It's Saturday morning, and my weather app tells me to expect sunny skies and a high of 64. We'd just spent the previous evening watching the Northern Lights dance across the sky while drinking wine and home brew (and noshing on this deliciously simple Raspberry-Ricotta Cake from a recipe I tore out of Bon Appetit) around our fire pit. Our new friends were over who just moved here from Chile, which makes our adjustment from life in Lake Tahoe to Red Lake look a whole lot easier.
"Let's get out of here," I say to Charlie after breakfast, which can be easier said than done at this time of year.
Luckily the warm weather has melted enough of the snow so that it is navigable outside without snowshoes, but not so much that everything is totally muddy. We decide to make the hour and a half drive to see Perrault Falls and have lunch at the only restaurant in the area, The WhiskeyJack. Perrault Falls is a blip on the radar, and honestly if you look down for a few minutes, you might miss the area entirely. It consists mostly of a few lodges that center around the waterways and the namesake falls.
The WhiskeyJack is my favorite restaurant in our neck of the woods. Granted it's the same fare you'd find at most restaurants here—burgers, pizza, poutine, sandwiches—but the couple who runs it actually makes everything from scratch, even the bread. You can really taste the difference.
The place is filled with antiques from the area. Old crates of Canadian Moose Lager, vintage cribbage boards, rustic maps and fishing gear. On the stage with the owners' band set-up, "The Electric Beavers" is painted across the drum. Sometimes I can't help but laugh about how truly and stereotypically Canadian things are around here.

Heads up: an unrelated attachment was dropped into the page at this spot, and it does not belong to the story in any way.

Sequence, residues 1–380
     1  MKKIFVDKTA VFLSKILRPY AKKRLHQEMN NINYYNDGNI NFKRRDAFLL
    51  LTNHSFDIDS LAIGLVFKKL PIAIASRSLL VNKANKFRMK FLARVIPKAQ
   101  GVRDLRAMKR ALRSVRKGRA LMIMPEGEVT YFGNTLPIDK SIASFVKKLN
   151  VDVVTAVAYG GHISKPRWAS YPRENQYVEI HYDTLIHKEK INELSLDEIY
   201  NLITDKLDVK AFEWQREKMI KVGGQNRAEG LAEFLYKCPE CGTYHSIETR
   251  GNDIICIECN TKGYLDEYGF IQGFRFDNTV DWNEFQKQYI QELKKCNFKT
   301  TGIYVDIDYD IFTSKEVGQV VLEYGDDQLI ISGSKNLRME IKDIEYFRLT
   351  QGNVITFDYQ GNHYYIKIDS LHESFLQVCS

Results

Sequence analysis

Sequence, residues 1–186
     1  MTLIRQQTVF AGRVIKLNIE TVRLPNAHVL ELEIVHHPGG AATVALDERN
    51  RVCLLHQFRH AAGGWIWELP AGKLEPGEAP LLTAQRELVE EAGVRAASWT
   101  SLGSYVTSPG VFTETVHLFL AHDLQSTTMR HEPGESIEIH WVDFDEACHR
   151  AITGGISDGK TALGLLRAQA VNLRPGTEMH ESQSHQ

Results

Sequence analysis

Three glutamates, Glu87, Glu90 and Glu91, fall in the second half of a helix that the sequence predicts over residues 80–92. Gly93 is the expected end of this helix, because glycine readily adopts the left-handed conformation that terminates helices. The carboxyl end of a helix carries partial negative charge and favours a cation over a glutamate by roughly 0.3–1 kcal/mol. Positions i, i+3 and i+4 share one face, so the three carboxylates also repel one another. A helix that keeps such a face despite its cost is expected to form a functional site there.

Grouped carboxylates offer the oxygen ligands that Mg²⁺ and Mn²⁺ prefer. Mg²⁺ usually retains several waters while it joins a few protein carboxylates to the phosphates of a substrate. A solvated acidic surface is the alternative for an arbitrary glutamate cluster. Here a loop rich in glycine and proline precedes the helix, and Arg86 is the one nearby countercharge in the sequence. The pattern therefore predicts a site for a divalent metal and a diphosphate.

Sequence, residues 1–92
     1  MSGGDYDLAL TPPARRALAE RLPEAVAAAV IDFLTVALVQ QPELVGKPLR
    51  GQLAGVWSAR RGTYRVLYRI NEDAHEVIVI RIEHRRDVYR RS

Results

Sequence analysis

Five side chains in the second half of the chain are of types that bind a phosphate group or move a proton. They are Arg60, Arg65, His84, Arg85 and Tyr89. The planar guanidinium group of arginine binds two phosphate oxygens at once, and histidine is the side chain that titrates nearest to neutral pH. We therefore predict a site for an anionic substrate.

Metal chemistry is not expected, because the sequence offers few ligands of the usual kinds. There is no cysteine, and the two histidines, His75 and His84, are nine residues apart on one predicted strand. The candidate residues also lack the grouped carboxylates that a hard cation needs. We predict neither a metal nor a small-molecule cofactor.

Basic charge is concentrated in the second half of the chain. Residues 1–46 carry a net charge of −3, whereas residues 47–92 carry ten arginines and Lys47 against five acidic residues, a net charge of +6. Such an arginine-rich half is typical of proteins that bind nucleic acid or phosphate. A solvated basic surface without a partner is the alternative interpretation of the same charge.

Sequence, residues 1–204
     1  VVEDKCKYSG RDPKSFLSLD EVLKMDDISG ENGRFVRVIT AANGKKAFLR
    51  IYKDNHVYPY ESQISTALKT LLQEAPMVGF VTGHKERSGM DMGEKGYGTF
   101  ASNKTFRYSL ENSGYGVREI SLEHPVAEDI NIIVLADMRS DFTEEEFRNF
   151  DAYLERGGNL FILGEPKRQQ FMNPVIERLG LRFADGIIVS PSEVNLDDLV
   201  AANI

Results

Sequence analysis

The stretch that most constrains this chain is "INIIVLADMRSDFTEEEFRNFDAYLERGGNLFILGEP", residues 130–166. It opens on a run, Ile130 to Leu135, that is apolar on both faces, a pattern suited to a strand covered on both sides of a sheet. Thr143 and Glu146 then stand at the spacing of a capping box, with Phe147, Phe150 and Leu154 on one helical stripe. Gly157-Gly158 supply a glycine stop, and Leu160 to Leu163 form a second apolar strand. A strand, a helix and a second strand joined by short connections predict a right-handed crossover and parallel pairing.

We pick up a flyer with the line-up for The WhiskeyJack's concert series, which kicks off in May. Lots of bluesy roots bands come out of northwestern Ontario. Nearby waterfront cabins are available for rent at the lodges so we could enjoy the concert without having to worry about a long drive home.
Then on to the falls we go.
Walking through old cedar trees, we hear the rush of the water before we see it. The snow has melted in places, then solidified into a treacherous slippery slope in other spots shaded by those same lovely trees. We make our way down the hill with Daisy in front. Four legs are better than two, pretty much always.
Before us is a series of falls descending down a gradual hill to the lake below and running full and fast thanks to the generous donation of snowmelt they recently received. Charlie walks across to a rock to soak in the sun; Daisy follows.
Leaving them to bask on the rock, I walk further down the side of the falls to take a peak at the lake. A minute later, I feel something brush against my leg. My furry shadow. I crouch down to give her a hug. Never have I met such a faithful, watchful creature.
As they say, a weekend well spent means a week of content. Happy Monday!